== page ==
In 1958 Susan Hayward played Graham in the movie I Want to Live. Hayward won an Academy Award for her role. The movie strongly suggested that Graham was innocent. This claim was incorrect since evidence would point to her guilt.

It Began as a Combination of Wine and Cocaine

Coca-Cola was first sold on May 8, 1886 at Jacob’s Pharmacy in Atlanta, Georgia. It was sold as a patent medicine for 5 cents. At the time carbonization was thought to good for heath. For the first few months only a few glasses were sold each day.

The formula was created by John Sith Pemberton. It was originally a cocawine, an alcoholic beverage that combined wine and cocaine. In 1886 Georgia introduced Prohibition which forced him to replace the wine with non-alcoholic syrup.

When Pemberton began work on a coca and kola (cola) nut beverage, his intention was to develop a product to stop headaches and calm nervousness. It’s also thought that he was trying to create a pain reliever for himself and other wounded Confederate veterans.

The famous Coca-Cola logo was created in 1885 by Frank Mason Robinson. Robinson at the time was Pemberton’s bookkeeper. Not only did Robinson name the product he was the one who chose the logo’s distinctive cursive script, a typeface known as Spencerian script.

Coca-Cola used the imagine of Santa Claus so well in some of their ads of the early 20th century, some have credited them with the invention of the modern Santa Claus, the Jolly Old Elf in the red suit. That image was common by the time and derives greatly from the 19th century drawings of Santa Claus by Thomas Nast.

In 1971 Coca-Cola started to use an advertising jiggle called, I’d Like to Teach the World to Sings. The song was written by Roger cook, Roger Greenaway, Bill Backer and Billy Davis. The jiggle was so popular that it was recorded by the New Seekers and became a Number 1 hit.

Shots Fired; 4 Dead in Ohio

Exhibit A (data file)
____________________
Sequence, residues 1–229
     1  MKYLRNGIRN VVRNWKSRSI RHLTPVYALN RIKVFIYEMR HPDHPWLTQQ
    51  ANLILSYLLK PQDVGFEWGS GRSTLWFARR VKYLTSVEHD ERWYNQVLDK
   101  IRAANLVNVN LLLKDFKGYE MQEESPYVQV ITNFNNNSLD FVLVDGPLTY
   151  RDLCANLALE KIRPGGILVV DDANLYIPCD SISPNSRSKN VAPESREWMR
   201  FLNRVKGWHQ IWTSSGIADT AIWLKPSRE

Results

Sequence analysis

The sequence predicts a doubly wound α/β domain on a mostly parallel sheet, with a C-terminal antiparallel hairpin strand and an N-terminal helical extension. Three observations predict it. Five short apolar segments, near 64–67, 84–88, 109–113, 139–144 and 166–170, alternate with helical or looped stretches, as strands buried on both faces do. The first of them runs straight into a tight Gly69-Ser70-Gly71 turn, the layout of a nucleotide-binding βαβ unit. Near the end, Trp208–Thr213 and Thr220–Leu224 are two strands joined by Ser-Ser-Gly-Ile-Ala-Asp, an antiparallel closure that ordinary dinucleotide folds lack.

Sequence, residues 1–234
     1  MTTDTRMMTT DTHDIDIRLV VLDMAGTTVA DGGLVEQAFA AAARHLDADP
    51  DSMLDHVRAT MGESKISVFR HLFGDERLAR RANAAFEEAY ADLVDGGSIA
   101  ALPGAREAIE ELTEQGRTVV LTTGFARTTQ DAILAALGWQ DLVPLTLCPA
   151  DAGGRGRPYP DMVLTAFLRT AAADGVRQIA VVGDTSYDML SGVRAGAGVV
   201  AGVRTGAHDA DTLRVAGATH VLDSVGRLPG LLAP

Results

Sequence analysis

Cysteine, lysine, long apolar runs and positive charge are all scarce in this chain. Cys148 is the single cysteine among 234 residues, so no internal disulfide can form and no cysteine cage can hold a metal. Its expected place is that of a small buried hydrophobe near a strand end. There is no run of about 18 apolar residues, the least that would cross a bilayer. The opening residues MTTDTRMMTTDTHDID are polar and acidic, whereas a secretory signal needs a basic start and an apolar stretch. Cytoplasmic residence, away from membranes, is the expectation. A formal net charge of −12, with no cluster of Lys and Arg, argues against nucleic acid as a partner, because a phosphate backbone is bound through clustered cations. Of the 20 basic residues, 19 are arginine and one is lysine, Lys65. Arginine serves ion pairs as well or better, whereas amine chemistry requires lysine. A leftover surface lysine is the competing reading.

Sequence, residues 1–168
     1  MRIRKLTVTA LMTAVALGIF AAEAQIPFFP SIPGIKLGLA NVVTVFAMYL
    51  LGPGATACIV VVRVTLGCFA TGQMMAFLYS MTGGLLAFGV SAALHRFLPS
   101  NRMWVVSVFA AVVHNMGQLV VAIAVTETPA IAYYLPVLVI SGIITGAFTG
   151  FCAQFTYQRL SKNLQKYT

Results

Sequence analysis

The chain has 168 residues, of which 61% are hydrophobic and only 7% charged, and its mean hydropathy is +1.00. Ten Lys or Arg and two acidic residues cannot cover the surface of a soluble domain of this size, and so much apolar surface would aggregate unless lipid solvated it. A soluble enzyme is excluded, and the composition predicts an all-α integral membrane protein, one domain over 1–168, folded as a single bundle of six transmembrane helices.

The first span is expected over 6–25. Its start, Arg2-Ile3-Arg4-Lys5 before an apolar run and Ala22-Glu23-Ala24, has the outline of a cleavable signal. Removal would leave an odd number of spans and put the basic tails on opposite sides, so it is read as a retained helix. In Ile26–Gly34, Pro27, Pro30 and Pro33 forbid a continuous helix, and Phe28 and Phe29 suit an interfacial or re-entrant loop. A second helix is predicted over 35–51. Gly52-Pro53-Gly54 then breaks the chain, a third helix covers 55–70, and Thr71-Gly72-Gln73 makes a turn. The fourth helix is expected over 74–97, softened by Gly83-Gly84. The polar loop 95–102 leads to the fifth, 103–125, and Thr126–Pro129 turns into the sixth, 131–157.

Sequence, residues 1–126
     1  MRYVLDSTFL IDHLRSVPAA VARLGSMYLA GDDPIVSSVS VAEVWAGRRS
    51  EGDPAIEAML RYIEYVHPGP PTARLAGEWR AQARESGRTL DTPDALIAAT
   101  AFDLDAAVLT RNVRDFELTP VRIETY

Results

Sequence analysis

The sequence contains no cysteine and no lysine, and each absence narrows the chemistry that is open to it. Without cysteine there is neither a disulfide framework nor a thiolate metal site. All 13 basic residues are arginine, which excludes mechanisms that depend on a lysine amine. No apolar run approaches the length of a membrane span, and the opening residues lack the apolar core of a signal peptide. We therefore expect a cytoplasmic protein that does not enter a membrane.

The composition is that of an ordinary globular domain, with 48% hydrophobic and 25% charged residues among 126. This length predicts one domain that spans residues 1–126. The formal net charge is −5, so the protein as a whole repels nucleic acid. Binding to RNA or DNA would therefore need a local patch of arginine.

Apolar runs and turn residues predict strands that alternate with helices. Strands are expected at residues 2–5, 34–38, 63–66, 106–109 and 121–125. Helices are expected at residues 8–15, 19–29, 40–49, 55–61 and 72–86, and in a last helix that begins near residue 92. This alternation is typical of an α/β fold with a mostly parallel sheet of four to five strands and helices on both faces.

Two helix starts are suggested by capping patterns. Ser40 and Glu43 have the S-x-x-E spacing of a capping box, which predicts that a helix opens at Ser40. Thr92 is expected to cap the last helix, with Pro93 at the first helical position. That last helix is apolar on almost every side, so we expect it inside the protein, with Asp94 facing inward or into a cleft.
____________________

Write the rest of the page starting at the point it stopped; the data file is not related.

At 12:22 on Monday May 4, 1970, 29 members of a group of 77 National Guard troops from A Company and Troop G fired shots towards a group of students at Kent State. 13 seconds and about 67 shots later it ended. Some shots were in the air as warnings, others to induce injury and not kill. The outcome was 4 deaths and another 9 receiving injuries.

The National Guard had been called to the campus after a war protest of May 1st got out of hand. They arrived on campus on the morning of May 2nd. At the time of the shooting they were in the process of clearing a scheduled but a campus declared unauthorized protest.

The students who died as a result of the wounds they suffered that day were: (Name, distance from Guard, Injury)
Jeffrey Glen Miller, 265 ft, shot through the mouth – killed instantly
Allison Krause, 343 ft, fatal left chest wound
William Knox Schroeder, 382 ft, fatal chest wound
Sandra Lee Scheuer, 390 ft, fatal neck wound

Wounded:
Joseph Lewis Jr., 71 ft, hit twice in the right abdomen and left lower leg
John R. Cleary, 110 ft, upper left chest wound
Thomas Mark Grace, 225 ft, struck in left ankle
Alan Canfora, 225 ft, hit in his right wrist
Dean Kahler, 300 ft, back wound fracturing the vertebrae – permanently paralyzed from the chest down
Douglas A. Wrentmore, 329 ft, hit in his right knee
James Dennis Russell, 375 ft, hit in his right thigh from a bullet and in the right forehead by birdshot – both wounds minor
Robert F. Stamps, 495 ft, hit in his right buttock
Donald Scott MacKenzie, 750 ft, neck wound

Even now 48 years later the reason for the shooting has not been fully determined. It may have been that the Guardsmen felt in danger. Some students were approaching them throwing objects and one reports has it that a sniper fired upon the guard.

One of the widely read book about the shootings is James Michener Kent State: What Happened and Why published in 1971. The book does contain a number of errors probably because it was produced so quickly and release so soon after the event. The Kent May 4 Center (www.may4.org) does list this as a non-recommended book. They offer a list of recommended and non-recommended books.